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‘The next life is a new life’

Why these refugees from Vietnam put a lien on their house to buy land for a church building.

HOUSTON — For many American churches, a Sunday potluck might feature casseroles, buckets of chicken and salads with crushed chips on top.

At the Vietnamese Church of Christ in this ethnically diverse metropolis, fellowship meals happen differently. The meal is a gateway of sorts, introducing visitors to the culture of a church community that doesn’t seem in a hurry to eat and get on with the day.

Tanya Nguyen helps serve the Sunday fellowship meal. She and her husband, Hao Vu, put a $160,000 lien on their house to buy land for a church building. (PHOTO BY TAMIE ROSS)

The main dish is prepared on site, and the menu rarely varies because it’s so anticipated by those who attend: seasoned spare ribs, rice, noodles with fish sauce, salad and homemade desserts.

Outside the Northwest Church of Christ’s youth room, where the Vietnamese congregation meets while raising money for its own building, men set up canopies emblazoned with Houston Texans logos to provide shade from the searing sun. They huddle underneath and prepare the beef in stages, thinly slicing ribs and marinating them with a blend of traditional Vietnamese seasonings.

These ribs are laid upon a sizzling grill, hot flames hissing at the contact. A breeze carries the tantalizing smells inside the crowded room where Hung Nguyen preaches, causing children to whisper excitedly to each other.

The youngest children babble in a blend of Vietnamese and broken English, while school-aged youngsters have a mastery of the language that comes from immersion in Houston-area public schools. Some of the adults speak both English and Vietnamese. A translator — sometimes one of the children — helps bridge any language barriers.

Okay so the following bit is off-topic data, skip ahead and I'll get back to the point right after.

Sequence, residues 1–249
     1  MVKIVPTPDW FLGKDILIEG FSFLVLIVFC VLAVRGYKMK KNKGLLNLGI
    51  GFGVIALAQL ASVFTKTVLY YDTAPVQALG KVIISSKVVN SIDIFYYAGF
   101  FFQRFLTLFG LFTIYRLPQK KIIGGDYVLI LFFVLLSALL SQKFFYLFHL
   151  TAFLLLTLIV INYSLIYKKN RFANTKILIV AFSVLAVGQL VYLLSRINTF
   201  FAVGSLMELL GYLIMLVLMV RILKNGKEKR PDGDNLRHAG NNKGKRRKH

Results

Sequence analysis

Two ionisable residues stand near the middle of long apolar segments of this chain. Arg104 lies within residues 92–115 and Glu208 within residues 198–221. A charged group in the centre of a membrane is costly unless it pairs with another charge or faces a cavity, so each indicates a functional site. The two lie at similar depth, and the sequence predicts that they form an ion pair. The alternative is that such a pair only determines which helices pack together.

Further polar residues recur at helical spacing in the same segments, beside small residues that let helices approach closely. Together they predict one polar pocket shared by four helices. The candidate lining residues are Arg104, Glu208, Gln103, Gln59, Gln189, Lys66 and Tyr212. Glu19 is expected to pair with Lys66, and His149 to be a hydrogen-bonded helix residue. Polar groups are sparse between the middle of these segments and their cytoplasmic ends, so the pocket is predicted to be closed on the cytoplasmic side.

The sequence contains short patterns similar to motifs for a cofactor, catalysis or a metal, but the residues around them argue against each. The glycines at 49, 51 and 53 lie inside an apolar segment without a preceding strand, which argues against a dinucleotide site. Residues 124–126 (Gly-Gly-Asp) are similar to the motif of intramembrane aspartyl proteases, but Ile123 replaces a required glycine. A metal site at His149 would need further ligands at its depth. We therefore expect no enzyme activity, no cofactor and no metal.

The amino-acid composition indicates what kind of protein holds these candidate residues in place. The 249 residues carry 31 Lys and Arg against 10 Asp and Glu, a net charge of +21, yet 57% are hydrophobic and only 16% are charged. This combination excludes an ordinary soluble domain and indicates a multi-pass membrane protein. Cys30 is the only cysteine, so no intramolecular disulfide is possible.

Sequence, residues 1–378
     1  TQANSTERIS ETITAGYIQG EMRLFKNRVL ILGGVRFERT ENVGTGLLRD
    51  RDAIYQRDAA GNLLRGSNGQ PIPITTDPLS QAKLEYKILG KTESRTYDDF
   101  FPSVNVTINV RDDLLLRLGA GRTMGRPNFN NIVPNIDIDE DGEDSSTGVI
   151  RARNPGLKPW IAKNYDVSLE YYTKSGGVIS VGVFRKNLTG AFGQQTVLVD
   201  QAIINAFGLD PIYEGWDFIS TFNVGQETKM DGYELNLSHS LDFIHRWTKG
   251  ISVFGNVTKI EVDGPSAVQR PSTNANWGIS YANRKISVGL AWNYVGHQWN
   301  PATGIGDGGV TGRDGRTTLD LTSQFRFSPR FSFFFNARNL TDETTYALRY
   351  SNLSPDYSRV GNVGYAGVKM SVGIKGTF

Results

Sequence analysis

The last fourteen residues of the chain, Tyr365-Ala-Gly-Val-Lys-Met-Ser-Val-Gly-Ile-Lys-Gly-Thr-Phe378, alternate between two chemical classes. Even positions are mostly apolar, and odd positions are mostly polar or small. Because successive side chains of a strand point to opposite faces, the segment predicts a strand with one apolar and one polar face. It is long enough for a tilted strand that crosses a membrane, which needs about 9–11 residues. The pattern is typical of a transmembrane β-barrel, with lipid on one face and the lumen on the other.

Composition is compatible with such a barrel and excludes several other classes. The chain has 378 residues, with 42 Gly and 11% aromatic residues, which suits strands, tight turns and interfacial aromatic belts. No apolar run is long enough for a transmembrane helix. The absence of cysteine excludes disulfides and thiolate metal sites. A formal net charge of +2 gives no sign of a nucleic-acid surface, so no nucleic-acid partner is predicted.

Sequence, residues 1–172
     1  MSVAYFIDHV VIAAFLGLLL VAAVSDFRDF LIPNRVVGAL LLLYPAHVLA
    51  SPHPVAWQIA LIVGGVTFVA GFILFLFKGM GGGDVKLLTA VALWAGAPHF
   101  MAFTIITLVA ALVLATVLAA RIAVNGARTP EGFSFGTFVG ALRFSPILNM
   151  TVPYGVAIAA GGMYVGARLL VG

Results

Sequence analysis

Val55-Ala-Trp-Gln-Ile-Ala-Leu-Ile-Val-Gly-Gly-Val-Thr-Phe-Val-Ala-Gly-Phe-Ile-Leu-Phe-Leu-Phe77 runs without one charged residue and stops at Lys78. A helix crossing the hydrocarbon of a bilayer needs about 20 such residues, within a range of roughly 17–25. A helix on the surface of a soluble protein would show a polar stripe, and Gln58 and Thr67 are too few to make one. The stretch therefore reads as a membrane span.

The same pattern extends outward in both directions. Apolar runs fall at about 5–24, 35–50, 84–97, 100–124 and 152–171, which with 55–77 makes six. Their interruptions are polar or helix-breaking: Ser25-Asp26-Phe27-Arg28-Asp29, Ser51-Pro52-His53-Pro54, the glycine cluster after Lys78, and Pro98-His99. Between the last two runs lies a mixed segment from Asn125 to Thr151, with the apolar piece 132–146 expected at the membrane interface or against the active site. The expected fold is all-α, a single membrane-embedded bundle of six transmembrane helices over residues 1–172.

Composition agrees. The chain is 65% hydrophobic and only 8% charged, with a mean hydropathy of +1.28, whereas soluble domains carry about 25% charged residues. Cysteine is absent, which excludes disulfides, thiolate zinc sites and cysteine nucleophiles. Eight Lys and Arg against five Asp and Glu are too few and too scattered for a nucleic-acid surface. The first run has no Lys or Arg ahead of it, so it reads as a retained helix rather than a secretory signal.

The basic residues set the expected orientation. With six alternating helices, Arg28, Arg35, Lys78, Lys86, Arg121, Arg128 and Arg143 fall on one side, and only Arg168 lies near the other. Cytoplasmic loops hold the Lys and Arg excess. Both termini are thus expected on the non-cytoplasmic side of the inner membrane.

The tantalizing meal does the same, giving church members a way to engage their guests in conversation beyond what can happen in moments snatched before or after worship when everyone is looking at the clock.

Food is a universal language, as the saying goes. Showing hospitality is Scriptural.

God’s word in their native language

The Vietnamese congregation of roughly 30 souls assembles in a small white structure. It’s across the parking lot from the beige brick facility where the Northwest church conducts its Bible classes and worship.

The Northwest church — a bilingual body of about 200 English and Spanish speakers — welcomed the Vietnamese group to use its youth room a few years ago.

Mrs. Tam and Mrs. Sau open their Bibles as they pay close attention to the Scriptures cited during a Sunday service of the Vietnamese church. (PHOTO BY TAMIE ROSS)

“We take the Lord’s Supper in both languages — English and Spanish — and then we go to separate services for preaching,” said Northwest elder Julio Cedeño, a Venezuelan immigrant who frequently strides across the parking lot to fellowship with his Vietnamese family. “So we really do believe a lot about letting people get God’s message in their own language.”

The relationship with the Vietnamese congregation began when Hao Vu, a Northwest member who fled the communists when Saigon fell in 1975, brought three leaders of a Protestant church to see the elders and minister Jim Middleton.

“They were looking for a place to hold services, but brother Vu taught them that they had a greater need,” Middleton said.

As a result of Bible studies, the three men — including minister Hung Nguyen — were baptized. Later, more members of the Protestant church decided to be immersed for the remission of sins.

“He love Jesus,” Vu said of Hung Nguyen’s ministry prior to studying with the Northwest leaders. “He preach almost correct except for baptism.”

“I have a big change in my mind about the salvation,” Hung Nguyen said.